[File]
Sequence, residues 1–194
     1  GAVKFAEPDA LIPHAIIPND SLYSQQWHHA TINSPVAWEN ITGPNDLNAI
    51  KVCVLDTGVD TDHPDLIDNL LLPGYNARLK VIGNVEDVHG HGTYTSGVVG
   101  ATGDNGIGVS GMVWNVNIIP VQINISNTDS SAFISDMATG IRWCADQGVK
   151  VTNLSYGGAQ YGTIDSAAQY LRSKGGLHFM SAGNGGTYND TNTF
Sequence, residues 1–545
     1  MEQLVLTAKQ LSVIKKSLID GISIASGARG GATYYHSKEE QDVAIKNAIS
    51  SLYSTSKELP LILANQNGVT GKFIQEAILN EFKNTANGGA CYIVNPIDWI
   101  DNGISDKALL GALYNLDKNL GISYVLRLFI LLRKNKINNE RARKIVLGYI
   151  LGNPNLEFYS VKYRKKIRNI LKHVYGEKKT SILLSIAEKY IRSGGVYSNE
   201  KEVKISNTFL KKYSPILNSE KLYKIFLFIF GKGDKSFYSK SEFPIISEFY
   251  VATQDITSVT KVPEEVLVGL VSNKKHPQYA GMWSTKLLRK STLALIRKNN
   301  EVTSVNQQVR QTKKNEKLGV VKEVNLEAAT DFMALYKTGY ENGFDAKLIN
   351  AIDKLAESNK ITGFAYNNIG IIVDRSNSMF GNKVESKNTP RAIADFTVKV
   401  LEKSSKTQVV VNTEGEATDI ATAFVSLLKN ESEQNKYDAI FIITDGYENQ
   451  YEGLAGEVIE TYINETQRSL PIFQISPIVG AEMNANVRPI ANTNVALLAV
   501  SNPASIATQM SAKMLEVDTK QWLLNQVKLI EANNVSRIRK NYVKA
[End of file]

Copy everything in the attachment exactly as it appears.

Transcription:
Sequence, residues 1–194
     1  GAVKFAEPDA LIPHAIIPND SLYSQQWHHA TINSPVAWEN ITGPNDLNAI
    51  KVCVLDTGVD TDHPDLIDNL LLPGYNARLK VIGNVEDVHG HGTYTSGVVG
   101  ATGDNGIGVS GMVWNVNIIP VQINISNTDS SAFISDMATG IRWCADQGVK
   151  VTNLSYGGAQ YGTIDSAAQY LRSKGGLHFM SAGNGGTYND TNTF
Sequence, residues 1–545
     1  MEQLVLTAKQ LSVIKKSLID GISIASGARG GATYYHSKEE QDVAIKNAIS
    51  SLYSTSKELP LILANQNGVT GKFIQEAILN EFKNTANGGA CYIVNPIDWI
   101  DNGISDKALL GALYNLDKNL GISYVLRLFI LLRKNKINNE RARKIVLGYI
   151  LGNPNLEFYS VKYRKKIRNI LKHVYGEKKT SILLSIAEKY IRSGGVYSNE
   201  KEVKISNTFL KKYSPILNSE KLYKIFLFIF GKGDKSFYSK SEFPIISEFY
   251  VATQDITSVT KVPEEVLVGL VSNKKHPQYA GMWSTKLLRK STLALIRKNN
   301  EVTSVNQQVR QTKKNEKLGV VKEVNLEAAT DFMALYKTGY ENGFDAKLIN
   351  AIDKLAESNK ITGFAYNNIG IIVDRSNSMF GNKVESKNTP RAIADFTVKV
   401  LEKSSKTQVV VNTEGEATDI ATAFVSLLKN ESEQNKYDAI FIITDGYENQ
   451  YEGLAGEVIE TYINETQRSL PIFQISPIVG AEMNANVRPI ANTNVALLAV
   501  SNPASIATQM SAKMLEVDTK QWLLNQVKLI EANNVSRIRK NYVKA